I’ve posted before about enjoying Ali Smith’s writing, and here I go again.
There’s no pleasure that compares to curling up with great writing. Some writers express ideas so well that they seem to know what you’re thinking and feeling before you do. This sentiment is expressed by one of the main characters in John Green’s Fault in Our Stars, another book I’m currently reading (quite the long wait for that one at the public library). I love experiencing that kind of connection with writing, but that’s not how I feel about Smith’s writing.
Instead, Smith has charmed me with her subtle creativity: Both the overall structure of her novels and that of her individual sentences break convention without being annoyingly “capital C” creative. There’s no “look at what I can do” literary gymnastics.
But what Smith can do is impressive. She captures character voice so thoroughly it’s as though there’s nothing separating the character’s thought from the reader. For example, in The Accidental a teenager feels responsible for a tragedy, and Smith gives the reader a front row seat on his mental roller coaster: The stark facts present themselves again and again between other frantic thoughts of what-might-have-been and if-only-could-now-be, and the whole thing keeps going round and round. (Okay, yeah, maybe it’s a stream of consciousness thing if stream of consciousness weren’t some kind of writing style — and that’s just it: I’m not thinking “oh, stream of consciousness” while I’m reading Smith.) Who doesn’t know that wrenching place where regret is unbearably palpable?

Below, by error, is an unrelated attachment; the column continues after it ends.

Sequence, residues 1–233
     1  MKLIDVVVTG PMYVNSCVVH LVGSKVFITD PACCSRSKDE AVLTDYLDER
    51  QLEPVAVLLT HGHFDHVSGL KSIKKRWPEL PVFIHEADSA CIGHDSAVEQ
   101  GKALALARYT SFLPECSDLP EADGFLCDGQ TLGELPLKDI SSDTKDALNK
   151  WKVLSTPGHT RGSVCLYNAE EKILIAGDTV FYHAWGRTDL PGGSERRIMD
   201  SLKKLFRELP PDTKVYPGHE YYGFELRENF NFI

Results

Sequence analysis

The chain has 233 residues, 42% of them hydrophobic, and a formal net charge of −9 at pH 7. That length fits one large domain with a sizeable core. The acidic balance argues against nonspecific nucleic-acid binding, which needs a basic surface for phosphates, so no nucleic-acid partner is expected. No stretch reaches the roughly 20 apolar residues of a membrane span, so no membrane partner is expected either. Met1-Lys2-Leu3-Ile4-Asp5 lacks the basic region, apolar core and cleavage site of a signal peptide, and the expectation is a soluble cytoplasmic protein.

I’d love to have a conversation with Smith’s editor, and I’d love to see the original manuscript. It appears as though Smith’s been given (rightfully) plenty of free rein. But for all I know, maybe the ride was a whole lot more wild before Penguin took over the controls.